< > /dev/cpu/*/msr - Model-specific register support
# If a query with "cpuid" gives you: "LA57: 57-bit addrs & 5-level paging = false" OR you have less than 512 GB RAM then disable:
    [ ] Enable 5-level page tables support
# If you have an Intel CPU:
    [ ]   Old style AMD Opteron NUMA detection
# Next is only available if you have an Intel and enabled x2APIC
# If a query with "cpuid" gives you: "SGX: Software Guard Extensions supported = false" then let it disabled:
    [ ] Software Guard eXtensions (SGX)
# Only a very old machine needs this:
    [ ]     EFI mixed-mode support
# Next should be already disabled. We check it only because it is a security problem (also KSPP recommendation):
    [ ] Disable the 32-bit vDSO (needed for glibc 2.3.3)
# If a query with "cpuid" gives you: "LAM: linear address masking = false" then let it disabled:
    [ ] Linear Address Masking support
# Dangerous - KSPP recommendation:
    [ ] Enable the LDT (local descriptor table)

Power management and ACPI options  --->
# I dont use it. It is your decision.
    [ ] Suspend to RAM and standby
# KSPP recommendation: "Dangerous; enabling this allows replacement of running kernel."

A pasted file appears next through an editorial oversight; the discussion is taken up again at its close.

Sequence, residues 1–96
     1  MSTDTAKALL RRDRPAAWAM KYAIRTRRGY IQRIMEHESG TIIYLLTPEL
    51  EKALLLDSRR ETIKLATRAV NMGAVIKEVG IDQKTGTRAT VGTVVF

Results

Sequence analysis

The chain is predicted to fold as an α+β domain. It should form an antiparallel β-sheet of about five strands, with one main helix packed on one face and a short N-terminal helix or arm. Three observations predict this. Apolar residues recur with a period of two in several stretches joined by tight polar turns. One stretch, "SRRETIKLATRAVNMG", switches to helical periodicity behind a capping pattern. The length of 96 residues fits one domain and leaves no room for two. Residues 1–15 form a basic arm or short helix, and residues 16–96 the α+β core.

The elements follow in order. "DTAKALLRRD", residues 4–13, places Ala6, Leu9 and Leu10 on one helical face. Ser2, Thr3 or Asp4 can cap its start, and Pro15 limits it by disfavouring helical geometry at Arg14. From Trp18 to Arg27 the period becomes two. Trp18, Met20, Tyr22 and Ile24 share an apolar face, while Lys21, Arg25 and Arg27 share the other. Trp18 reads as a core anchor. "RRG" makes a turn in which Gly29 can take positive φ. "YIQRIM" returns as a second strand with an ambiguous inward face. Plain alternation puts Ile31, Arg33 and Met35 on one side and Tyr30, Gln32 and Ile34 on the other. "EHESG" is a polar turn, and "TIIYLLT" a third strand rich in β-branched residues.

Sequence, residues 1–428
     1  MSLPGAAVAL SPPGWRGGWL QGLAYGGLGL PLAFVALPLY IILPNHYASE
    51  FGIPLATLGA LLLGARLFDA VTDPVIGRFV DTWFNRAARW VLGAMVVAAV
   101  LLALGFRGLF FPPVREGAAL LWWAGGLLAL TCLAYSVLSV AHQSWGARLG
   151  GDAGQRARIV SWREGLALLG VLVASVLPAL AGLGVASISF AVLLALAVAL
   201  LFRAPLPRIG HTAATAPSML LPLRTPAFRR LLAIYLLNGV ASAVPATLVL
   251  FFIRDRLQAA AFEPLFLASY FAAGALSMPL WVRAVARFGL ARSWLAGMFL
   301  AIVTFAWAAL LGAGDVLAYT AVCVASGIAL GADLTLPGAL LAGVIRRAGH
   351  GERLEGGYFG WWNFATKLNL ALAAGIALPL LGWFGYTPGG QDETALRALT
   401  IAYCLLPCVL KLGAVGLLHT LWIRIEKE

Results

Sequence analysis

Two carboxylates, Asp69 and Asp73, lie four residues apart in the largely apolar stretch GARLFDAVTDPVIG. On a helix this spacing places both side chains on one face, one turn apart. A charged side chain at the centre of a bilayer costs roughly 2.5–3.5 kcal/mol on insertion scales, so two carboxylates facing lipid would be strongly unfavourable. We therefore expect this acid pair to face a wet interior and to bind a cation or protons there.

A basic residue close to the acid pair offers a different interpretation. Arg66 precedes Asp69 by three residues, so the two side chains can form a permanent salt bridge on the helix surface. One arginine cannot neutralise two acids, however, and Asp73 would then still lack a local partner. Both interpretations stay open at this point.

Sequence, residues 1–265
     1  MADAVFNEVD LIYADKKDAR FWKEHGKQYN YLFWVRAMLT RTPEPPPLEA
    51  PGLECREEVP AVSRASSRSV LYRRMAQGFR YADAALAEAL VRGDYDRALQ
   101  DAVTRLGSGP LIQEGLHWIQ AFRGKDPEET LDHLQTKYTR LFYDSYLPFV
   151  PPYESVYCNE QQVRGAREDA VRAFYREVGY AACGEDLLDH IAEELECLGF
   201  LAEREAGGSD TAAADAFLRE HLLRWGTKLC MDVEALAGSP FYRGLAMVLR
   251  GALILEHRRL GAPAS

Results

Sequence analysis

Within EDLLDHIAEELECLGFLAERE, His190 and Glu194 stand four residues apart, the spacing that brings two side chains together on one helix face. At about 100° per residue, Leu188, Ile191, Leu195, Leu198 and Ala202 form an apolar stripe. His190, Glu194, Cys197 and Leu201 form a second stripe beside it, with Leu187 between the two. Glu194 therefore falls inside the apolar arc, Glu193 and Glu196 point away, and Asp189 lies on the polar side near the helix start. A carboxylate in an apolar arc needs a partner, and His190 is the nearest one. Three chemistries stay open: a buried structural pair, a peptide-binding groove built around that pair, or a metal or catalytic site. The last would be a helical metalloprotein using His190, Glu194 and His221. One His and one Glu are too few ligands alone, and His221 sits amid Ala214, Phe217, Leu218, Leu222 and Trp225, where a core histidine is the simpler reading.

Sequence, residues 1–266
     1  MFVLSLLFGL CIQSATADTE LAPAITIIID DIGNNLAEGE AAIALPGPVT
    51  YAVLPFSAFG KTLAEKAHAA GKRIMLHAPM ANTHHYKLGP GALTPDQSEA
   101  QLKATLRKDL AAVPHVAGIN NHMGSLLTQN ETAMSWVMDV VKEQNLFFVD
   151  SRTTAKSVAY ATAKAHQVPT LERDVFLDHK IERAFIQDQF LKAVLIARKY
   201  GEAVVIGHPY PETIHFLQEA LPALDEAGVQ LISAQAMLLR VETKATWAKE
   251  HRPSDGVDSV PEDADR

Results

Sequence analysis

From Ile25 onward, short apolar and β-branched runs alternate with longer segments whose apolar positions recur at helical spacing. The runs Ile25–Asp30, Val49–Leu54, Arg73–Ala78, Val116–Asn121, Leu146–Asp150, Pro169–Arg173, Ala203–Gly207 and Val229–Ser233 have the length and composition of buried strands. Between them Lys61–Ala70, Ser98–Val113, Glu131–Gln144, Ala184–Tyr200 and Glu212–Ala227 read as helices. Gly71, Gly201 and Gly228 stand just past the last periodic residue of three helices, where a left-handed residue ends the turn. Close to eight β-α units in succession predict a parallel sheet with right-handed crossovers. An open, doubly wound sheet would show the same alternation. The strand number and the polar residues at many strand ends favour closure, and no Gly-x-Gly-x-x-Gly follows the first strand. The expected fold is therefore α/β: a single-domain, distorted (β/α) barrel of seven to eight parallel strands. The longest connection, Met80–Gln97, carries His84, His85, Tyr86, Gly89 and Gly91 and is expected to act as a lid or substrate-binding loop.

[ ] Hibernation (aka 'suspend to disk')
    [ ]   Power Management Debug Support
    [*] ACPI (Advanced Configuration and Power Interface) Support  --->
# I dont need it. It is your decision.
        [ ]   Boottime Graphics Resource Table support

[*] Enable the block layer  --->
    IO Schedulers  --->
# I dont need them. It is your decision
        < > MQ deadline I/O scheduler
        < > Kyber I/O scheduler

Executable file formats  --->
# KSPP recommendation: "Easily confused by misconfigured userspace, keep off."
    < > Kernel support for MISC binaries

File systems  --->
# I dont need it. It is your decision.
    [ ] Quota support
    < > Kernel automounter support (supports v3, v4 and v5)
    Pseudo filesystems  --->
# KSPP recommendation: "Dangerous; exposes kernel text image layout."
        [ ]   /proc/kcore support
    [ ] Miscellaneous filesystems
# If you have no network server (like me):
    [ ] Network File Systems

Kernel hacking  --->
    [ ] Remote debugging over FireWire early on boot
    [*] Tracers  --->
        [ ]   Support for tracing block IO actions
    Generic Kernel Debugging Instruments  --->
        [ ] Debug Filesystem

Before we do now the driver section we clean out SELinux and integrity. Let "Enable different security models" enabled ... you will need it later for KSPP.

KERNEL Kernels 6.6
Security options  --->
    [*] Enable different security models
    [ ] NSA SELinux Support
    [ ] Integrity subsystem
    [ ] Socket and Networking Security Hooks

Now we step to IOMMU: Change this for an AMD and an Intel System. It is a KSPP recommendation: "Force IOMMU TLB invalidation so devices will never be able to access stale data contents"

KERNEL Kernels 6.6
Device Drivers  --->
    [*] IOMMU Hardware Support  --->
        IOMMU default domain type (Translated - Strict)  --->